Nitish for abolition of governor's post

Nitish for abolition of governor's post

Says govt has to respect federal structure as enshrined in Constitution

Nitish for abolition of governor's post
Bihar Chief Minister Nitish Kumar on Saturday made a pitch for abolishing the governor’s post. If it is not possible, Kumar demanded, the chief minister should be consulted while appointing or removing the governor.

Speaking at the 11th meeting of the Inter-State Council on Centre-state relations, he said the government has to respect the federal structure as enshrined in the Constitution and guidelines expounded by the Supreme Court in the S R Bommai case.

Kumar, also JD(U) president, voiced support for the recommendations of the Punchhi Commission on Centre-state relations. “On the appointment and removal of the governor, the state government is of the opinion that firstly, the existing federal democratic structure of the country does not warrant continuance of the gubernatorial post. If it is not possible, provisions relating to the appointment of the governor must be clearly defined,” he suggested.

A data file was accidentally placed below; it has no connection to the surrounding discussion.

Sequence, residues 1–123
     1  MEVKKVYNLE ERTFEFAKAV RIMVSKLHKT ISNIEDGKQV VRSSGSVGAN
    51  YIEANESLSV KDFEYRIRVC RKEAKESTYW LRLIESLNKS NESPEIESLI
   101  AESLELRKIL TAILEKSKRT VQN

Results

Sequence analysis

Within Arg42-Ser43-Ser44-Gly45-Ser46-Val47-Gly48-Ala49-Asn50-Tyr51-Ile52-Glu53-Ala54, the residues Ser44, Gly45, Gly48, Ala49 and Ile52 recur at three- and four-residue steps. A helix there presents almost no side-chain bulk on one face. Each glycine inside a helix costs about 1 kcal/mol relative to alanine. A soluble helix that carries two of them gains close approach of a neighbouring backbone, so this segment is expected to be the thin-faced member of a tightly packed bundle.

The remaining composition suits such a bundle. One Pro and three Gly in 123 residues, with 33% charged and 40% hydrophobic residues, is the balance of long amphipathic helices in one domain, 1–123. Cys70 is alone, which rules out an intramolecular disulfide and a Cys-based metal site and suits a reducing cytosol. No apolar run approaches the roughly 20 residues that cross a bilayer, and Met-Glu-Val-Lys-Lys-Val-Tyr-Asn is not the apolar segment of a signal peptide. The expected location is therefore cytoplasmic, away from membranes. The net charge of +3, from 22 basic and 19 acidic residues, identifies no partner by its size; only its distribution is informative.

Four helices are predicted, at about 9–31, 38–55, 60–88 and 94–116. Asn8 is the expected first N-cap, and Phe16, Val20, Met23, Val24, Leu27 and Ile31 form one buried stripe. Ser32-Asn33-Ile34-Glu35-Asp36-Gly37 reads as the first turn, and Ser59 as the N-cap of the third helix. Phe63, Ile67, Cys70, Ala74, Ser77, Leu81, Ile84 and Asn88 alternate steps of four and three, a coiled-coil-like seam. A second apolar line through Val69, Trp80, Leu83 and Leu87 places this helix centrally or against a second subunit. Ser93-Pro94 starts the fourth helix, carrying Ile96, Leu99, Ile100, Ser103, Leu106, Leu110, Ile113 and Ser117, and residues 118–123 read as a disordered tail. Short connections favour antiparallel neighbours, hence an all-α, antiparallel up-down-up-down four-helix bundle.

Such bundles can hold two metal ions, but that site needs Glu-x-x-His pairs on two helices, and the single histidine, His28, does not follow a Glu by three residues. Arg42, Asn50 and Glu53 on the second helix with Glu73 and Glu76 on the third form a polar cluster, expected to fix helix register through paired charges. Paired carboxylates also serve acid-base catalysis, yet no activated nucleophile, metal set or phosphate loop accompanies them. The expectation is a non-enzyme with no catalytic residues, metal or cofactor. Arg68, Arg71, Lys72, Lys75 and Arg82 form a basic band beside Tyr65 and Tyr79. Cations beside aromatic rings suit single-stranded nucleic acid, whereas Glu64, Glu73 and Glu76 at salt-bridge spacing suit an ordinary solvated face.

“Besides, the chief minister must be consulted, and the criteria laid down by the Sarkaria Commission should be followed while appointing the governor,” he said. “If required, Article 155 of the Constitution may be amended to provide for such consultation,” he added.

“For the removal of a chief minister, the governor must give the Leader of the House an opportunity to prove majority on the floor of the House. This must be followed in letter and spirit,” the Bihar chief minister said. Kumar urged that the governor’s power should be limited to sending reports to the Centre. He also wanted that President’s Rule should be imposed only in the rarest of rare circumstances. Kumar said the Centre may intervene “if it is established that a state government is not performing its raj dharma”.

The chief minister also opposed the Constitution of the Indian Education Service and Common National Curriculum on the ground that it would be contrary to the federal structure of the country. He also said institutions like the National Counter-Terrorism Centre and Communal Violence (Prevention, Control and Rehabilitation) Bill, 2005, might “hinder” Centre-state relations.